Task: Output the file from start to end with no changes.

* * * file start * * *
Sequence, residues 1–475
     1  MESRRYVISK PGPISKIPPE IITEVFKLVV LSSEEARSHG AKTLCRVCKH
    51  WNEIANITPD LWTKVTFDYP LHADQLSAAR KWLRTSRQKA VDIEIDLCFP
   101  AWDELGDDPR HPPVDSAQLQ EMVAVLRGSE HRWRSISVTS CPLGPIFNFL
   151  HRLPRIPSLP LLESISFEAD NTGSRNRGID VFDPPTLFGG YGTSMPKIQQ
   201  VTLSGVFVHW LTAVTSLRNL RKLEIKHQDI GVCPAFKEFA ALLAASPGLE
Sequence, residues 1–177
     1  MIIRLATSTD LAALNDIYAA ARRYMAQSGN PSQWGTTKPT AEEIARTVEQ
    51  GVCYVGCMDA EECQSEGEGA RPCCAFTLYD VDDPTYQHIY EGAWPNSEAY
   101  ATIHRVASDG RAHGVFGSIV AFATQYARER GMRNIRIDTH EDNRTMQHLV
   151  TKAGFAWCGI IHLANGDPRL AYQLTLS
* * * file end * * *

Sequence, residues 1–475
     1  MESRRYVISK PGPISKIPPE IITEVFKLVV LSSEEARSHG AKTLCRVCKH
    51  WNEIANITPD LWTKVTFDYP LHADQLSAAR KWLRTSRQKA VDIEIDLCFP
   101  AWDELGDDPR HPPVDSAQLQ EMVAVLRGSE HRWRSISVTS CPLGPIFNFL
   151  HRLPRIPSLP LLESISFEAD NTGSRNRGID VFDPPTLFGG YGTSMPKIQQ
   201  VTLSGVFVHW LTAVTSLRNL RKLEIKHQDI GVCPAFKEFA ALLAASPGLE
Sequence, residues 1–177
     1  MIIRLATSTD LAALNDIYAA ARRYMAQSGN PSQWGTTKPT AEEIARTVEQ
    51  GVCYVGCMDA EECQSEGEGA RPCCAFTLYD VDDPTYQHIY EGAWPNSEAY
   101  ATIHRVASDG RAHGVFGSIV AFATQYARER GMRNIRIDTH EDNRTMQHLV
   151  TKAGFAWCGI IHLANGDPRL AYQLTLS